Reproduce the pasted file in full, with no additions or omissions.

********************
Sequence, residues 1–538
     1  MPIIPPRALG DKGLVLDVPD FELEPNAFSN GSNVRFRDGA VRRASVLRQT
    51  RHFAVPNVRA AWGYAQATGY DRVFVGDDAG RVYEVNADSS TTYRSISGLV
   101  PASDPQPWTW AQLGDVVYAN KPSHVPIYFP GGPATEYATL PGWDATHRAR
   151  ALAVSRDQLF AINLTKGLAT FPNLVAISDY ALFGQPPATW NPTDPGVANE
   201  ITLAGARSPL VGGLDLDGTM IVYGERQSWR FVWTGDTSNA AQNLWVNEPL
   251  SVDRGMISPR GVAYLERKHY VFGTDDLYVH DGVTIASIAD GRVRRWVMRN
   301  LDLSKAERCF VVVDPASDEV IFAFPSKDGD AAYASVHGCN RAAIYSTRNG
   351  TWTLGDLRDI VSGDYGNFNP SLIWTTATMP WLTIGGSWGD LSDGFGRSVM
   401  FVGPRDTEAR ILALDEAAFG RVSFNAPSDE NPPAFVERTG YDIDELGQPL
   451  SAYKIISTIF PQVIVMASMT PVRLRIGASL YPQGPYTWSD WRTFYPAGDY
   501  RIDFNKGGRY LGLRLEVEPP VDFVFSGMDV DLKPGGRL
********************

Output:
Sequence, residues 1–538
     1  MPIIPPRALG DKGLVLDVPD FELEPNAFSN GSNVRFRDGA VRRASVLRQT
    51  RHFAVPNVRA AWGYAQATGY DRVFVGDDAG RVYEVNADSS TTYRSISGLV
   101  PASDPQPWTW AQLGDVVYAN KPSHVPIYFP GGPATEYATL PGWDATHRAR
   151  ALAVSRDQLF AINLTKGLAT FPNLVAISDY ALFGQPPATW NPTDPGVANE
   201  ITLAGARSPL VGGLDLDGTM IVYGERQSWR FVWTGDTSNA AQNLWVNEPL
   251  SVDRGMISPR GVAYLERKHY VFGTDDLYVH DGVTIASIAD GRVRRWVMRN
   301  LDLSKAERCF VVVDPASDEV IFAFPSKDGD AAYASVHGCN RAAIYSTRNG
   351  TWTLGDLRDI VSGDYGNFNP SLIWTTATMP WLTIGGSWGD LSDGFGRSVM
   401  FVGPRDTEAR ILALDEAAFG RVSFNAPSDE NPPAFVERTG YDIDELGQPL
   451  SAYKIISTIF PQVIVMASMT PVRLRIGASL YPQGPYTWSD WRTFYPAGDY
   501  RIDFNKGGRY LGLRLEVEPP VDFVFSGMDV DLKPGGRL